I was about to give up on music before I started Nomine, and the reason it was anonymous was because I didn’t want anyone to judge me on what I did, and didn’t want anyone to have any expectation. I wanted to do it undercover and not have any pressure, to the point where Tempa, even when they signed me, they didn’t know who I was. I wanted to start with a clean state and not have the pressure of having to answer to anyone. So I did that, then I realised I’m not getting any gigs. I need to be seen because music these days, you’re seen before you’re heard, that’s the world we live in. People see you first, then they hear your music. I wasn’t seen, so there was a little bit of a buzz with the people that heard me, but it wasn’t going anywhere. DJing is my first love – I came in as a DJ at 13, then started to produce a few years afterwards. If I’m not DJing and testing my music out, then I’m not having fun. I also put a lot of energy into planning for my students every week, and felt like people could benefit from it, so I started to share it. People seem to want more and more of it; if I see that dwindle then I won’t share as much, but at the moment people are relating to the content that I’m sharing.

nomine-masterclass-sae-institute-london
Nomine giving a masterclass for SAE Institute, London


As well as your “60-second tip” videos, you’re a university lecturer and have your Education & Bass events. Clearly teaching is very important to you – what would you have told your younger self when you were starting out?

Get that education, because I didn’t, partly because I didn’t know I had chronic anxiety and I always wondered why I couldn’t do what everyone else was doing, but back then you were just labelled “the kid that couldn’t do it” or “disruptive”. I was taught at 16 and thought that was it for the rest of my life, ‘I’m a superstar DJ’, but you have to have a backup plan. I know DJs who have been flavour of the month, playing out 4 or 5 times a week, but in the end that stops, usually after about a decade. Things slow down unless you reinvent yourself, and then they’ve got nothing, they haven’t invested their money, they haven’t saved, they move back in with their parents. I know 40+ year olds that have had to sell everything because they haven’t done things properly, they’ve got no work experience. Some people do invest wisely, but a lot of people don’t, because we’re not business people. We were never business people. Most of the people in the industry fell into it by accident, didn’t learn to manage their money, most not educated, and just having one big party.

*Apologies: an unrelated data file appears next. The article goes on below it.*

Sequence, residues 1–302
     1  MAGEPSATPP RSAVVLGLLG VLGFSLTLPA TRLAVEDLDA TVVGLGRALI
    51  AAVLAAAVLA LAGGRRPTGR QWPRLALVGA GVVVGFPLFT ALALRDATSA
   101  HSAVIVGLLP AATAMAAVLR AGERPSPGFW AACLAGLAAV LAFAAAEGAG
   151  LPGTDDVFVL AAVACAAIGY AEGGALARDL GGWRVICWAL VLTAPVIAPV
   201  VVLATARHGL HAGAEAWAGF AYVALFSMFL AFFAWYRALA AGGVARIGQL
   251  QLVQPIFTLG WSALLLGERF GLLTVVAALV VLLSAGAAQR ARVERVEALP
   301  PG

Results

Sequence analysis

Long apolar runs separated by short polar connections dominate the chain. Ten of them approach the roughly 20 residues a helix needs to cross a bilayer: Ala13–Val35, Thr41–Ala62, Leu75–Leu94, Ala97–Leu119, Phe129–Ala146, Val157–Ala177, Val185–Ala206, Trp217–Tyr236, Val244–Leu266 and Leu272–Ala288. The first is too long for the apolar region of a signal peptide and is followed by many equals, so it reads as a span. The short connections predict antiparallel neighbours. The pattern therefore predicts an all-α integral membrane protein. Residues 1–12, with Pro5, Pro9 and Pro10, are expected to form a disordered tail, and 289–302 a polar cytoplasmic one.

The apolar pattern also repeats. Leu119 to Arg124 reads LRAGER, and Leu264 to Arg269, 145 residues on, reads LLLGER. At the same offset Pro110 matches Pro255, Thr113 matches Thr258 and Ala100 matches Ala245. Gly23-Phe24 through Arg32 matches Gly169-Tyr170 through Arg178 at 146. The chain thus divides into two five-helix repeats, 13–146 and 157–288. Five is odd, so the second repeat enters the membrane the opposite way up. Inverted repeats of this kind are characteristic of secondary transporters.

Is education something you see yourself doing for the rest of your life, even if you stop DJing or producing?

It could be because I’m a fully qualified teacher, but when I teach, I teach from my mistakes, my experience, and it’s important for me to be doing what I’m teaching. I don’t know how I’d feel if I stood up there and I was talking past tense, or if I’m not actually doing it myself. This was actually part of my teaching degree, the value of having a teacher that’s doing what they are teaching. It’s a no-brainer that it’s more beneficial if you’re actually doing it. You’ll get more respect from the students if you’re doing it yourself. Obviously if I was at the age when I’m not going to be running around the world, teaching is definitely something I want to be doing.


To round things off, could you tell us what you’ve got planned in the near-future?

I’m setting up an online school soon, so keep an eye out for that. I’m currently getting a website built, and it’ll be online courses, bespoke, long- and short-running courses, genre specific, general music tech. I’m also currently planning different things for Education & Bass. We had a club, we were doing it monthly and the feedback was great, but it was hard work. The venue wasn’t really working with me and it wasn’t growing, so we’re taking it on the road this year. There’ll be some news in the next couple of months about how exactly we’re gonna do that, but it’s gonna involve a big sound system, me and a lot of the artists and university lecturers that were on board with it taking it on an international tour. We’ve already taken it to France, America and other places, but I think it could be a cool year for Education & Bass.

Stomp is released June 23rd and available from Unearthed Sounds, Redeye, White Peach, Juno, Intense Records and the Sentry Store.